More importantly than just being innovative it allows us to once again be counter-cultural.

    Enjoyed the post.

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  • Charlotte
    May 24, 2011

    Everyone realizes the problem. But bringing up the problem over and over does not present the solution. What is your solution? What are you doing that is experimenting and innovative – what are your practical suggestions?

    What I’ve noticed is that a lot of churches are so busy trying to “blend in” to “attract” the world, that they’ve become part of the world’s system. They’ve turned every Sunday into a rock concert with lights and media and entertainment, but disciples are not being made. Jesus said, “Go and make disciples of all the nations, baptizing them in the name of the Father and of the Son and of the Holy Spirit, teaching them to observe (OBEY) all things that I have commanded you…”

    That’s what the church is supposed to be doing. Equipping the saints for the work of the ministry. Sending them out to make disciples, baptizing others, our members teaching others to obey God’s word. Pastors want you to bring a friend to church so he can do all that – and teach them to tithe and give, so he can build a better sound system and lighting display. Says nothing about getting them to join your congregation by flashy marketing campaigns… UNPLUG from the world, PLUG INTO HIS WORD. The answers are there.

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  • Jamey Halfast
    May 25, 2011

    @Charlotte – “Pastors want you to bring a friend to church so he can do all that – and teach them to tithe and give, so he can build a better sound system and lighting display.”

    Apparently, you’re not involved in a church that has all the sound and lights, etc. – or have not been involved with any that use that appropriately. That’s sad. This stuff is a bridge to the world: People in today’s society expect all this at a corporate gathering. So the church supplies it – to draw unregenerate people in and make them comfortable enough to listen, since they are in a spiritual environment that is hostile to them. You make it sound as if that’s the focus of the church… it is simply a tool, nothing more. If it is more than that, then the church has the wrong focus.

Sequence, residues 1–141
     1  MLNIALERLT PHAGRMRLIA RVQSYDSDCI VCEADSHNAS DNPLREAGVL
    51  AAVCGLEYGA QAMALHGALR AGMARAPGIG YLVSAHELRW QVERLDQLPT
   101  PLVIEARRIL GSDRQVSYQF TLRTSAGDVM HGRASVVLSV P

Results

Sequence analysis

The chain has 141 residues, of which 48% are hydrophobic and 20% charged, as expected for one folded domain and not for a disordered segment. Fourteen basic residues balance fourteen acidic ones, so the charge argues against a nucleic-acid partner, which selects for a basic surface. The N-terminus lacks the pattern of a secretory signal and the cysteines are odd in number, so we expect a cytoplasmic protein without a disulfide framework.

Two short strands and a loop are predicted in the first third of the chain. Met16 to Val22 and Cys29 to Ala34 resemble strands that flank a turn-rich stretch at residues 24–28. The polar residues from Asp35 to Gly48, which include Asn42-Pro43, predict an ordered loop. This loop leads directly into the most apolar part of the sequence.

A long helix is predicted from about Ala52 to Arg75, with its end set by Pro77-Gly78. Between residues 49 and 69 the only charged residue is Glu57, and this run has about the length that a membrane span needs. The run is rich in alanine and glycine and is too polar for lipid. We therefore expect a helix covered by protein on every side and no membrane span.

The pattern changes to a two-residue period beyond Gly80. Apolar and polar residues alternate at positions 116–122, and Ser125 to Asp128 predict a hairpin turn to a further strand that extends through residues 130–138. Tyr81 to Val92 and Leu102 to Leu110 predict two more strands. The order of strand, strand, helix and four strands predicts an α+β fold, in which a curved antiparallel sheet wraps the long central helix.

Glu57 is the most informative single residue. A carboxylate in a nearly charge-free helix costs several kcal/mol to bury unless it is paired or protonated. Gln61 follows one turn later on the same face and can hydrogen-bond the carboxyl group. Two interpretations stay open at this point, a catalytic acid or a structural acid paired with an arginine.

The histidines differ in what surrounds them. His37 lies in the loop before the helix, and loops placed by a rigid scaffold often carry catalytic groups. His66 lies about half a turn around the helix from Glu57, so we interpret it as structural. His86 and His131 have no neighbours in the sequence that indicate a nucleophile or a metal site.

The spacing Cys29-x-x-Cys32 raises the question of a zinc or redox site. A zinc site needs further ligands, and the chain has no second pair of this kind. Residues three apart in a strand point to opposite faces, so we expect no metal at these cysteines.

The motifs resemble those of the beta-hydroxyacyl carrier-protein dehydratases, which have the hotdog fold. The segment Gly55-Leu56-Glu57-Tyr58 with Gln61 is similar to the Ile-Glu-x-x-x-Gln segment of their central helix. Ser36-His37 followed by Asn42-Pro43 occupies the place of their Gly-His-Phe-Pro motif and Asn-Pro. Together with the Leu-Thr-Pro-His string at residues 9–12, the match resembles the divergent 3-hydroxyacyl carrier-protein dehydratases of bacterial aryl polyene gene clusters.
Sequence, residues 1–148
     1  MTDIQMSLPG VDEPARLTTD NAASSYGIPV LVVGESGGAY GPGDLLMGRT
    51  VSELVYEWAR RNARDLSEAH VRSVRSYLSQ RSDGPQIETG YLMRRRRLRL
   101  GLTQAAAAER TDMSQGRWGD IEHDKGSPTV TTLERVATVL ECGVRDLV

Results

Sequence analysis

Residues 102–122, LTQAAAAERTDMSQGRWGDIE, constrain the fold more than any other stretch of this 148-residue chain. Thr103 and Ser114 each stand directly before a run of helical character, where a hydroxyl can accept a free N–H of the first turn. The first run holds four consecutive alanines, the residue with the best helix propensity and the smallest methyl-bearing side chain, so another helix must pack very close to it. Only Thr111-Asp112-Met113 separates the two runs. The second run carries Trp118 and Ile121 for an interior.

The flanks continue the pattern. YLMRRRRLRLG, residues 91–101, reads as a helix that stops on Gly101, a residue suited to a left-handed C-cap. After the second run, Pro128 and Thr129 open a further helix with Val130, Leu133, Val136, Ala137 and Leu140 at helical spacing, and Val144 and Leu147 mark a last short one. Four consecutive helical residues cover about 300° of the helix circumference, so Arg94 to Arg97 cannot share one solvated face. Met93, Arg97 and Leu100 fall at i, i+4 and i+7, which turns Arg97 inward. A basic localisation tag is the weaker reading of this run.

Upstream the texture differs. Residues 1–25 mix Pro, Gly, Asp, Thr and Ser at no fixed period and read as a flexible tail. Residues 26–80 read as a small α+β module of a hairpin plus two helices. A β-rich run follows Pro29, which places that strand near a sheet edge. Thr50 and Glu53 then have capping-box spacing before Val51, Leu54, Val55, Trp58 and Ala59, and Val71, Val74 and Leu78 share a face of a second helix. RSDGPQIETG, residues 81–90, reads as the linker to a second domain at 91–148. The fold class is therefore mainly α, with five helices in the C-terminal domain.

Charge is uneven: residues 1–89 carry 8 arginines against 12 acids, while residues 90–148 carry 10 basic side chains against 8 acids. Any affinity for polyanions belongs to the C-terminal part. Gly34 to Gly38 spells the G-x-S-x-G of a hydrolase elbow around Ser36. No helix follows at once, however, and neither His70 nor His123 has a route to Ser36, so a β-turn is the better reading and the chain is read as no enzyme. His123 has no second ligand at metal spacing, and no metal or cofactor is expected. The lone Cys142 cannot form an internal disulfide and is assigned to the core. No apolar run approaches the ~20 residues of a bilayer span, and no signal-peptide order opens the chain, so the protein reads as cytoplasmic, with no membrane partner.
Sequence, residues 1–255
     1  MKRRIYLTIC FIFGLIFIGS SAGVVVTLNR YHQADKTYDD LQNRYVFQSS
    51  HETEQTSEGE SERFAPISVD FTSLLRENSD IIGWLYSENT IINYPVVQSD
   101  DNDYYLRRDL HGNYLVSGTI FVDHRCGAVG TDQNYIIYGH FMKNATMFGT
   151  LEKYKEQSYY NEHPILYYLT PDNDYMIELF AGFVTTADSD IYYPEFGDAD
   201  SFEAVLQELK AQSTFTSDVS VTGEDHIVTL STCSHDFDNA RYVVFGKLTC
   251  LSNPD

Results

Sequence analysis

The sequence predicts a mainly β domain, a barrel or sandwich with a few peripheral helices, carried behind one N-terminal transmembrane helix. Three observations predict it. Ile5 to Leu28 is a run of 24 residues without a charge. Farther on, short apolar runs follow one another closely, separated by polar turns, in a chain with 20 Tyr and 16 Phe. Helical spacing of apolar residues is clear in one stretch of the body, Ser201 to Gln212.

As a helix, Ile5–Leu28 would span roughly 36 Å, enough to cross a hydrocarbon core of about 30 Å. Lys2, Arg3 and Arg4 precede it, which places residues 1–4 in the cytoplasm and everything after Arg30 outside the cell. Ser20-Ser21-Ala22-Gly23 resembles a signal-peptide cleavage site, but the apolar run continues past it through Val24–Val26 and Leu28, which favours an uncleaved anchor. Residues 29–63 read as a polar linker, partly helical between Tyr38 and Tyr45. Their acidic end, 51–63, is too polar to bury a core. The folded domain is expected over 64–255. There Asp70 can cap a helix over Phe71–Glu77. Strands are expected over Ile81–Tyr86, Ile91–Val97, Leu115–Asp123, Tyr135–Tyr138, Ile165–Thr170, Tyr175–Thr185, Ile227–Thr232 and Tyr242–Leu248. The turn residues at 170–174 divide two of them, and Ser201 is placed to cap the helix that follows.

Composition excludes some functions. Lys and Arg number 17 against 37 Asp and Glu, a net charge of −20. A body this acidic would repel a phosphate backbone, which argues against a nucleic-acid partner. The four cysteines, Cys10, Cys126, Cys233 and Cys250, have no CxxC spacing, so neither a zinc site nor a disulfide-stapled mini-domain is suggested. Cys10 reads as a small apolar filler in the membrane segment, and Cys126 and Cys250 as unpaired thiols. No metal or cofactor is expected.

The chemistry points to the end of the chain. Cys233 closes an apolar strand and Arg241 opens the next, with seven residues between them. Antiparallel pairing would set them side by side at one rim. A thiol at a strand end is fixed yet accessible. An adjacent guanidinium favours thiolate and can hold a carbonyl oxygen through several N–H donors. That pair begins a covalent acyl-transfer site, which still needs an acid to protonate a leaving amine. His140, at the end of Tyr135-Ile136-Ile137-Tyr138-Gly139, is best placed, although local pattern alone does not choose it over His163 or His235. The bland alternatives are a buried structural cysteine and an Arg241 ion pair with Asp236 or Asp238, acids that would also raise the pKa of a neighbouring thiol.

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  • Scott Gamel
    May 28, 2011

    What cracks me up is the sheer ASSUMPTION that if a church that has rockin’ music, some lighting, and an engaging environment it must not be making disciples.

    I grew up in churches with ancient music and tortuously boring worship services that weren’t making disciples either.

    Some it looks like disciple-making is not related to “style”, is it?

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  • Phillip
    May 30, 2011

    I agree and disagree with this post. I live in a small Midwestern village. Church attendance is still very much a part of our culture. I would agree that it has lost it ubiquity, but it’s still huge. In a town of 12,000, we have over 30 churches. Several churches in our town work heavily with city hall to serve in several charity and civic functions.

    What I do agree with is the need for the church to better communicate the Gospel, not the cultural mishmash that many mistake for Christianity.

    Personally, I think that losing cultural hegemony might be the best think for the church. It would indeed free us up to really live the Christian life in all its intensity.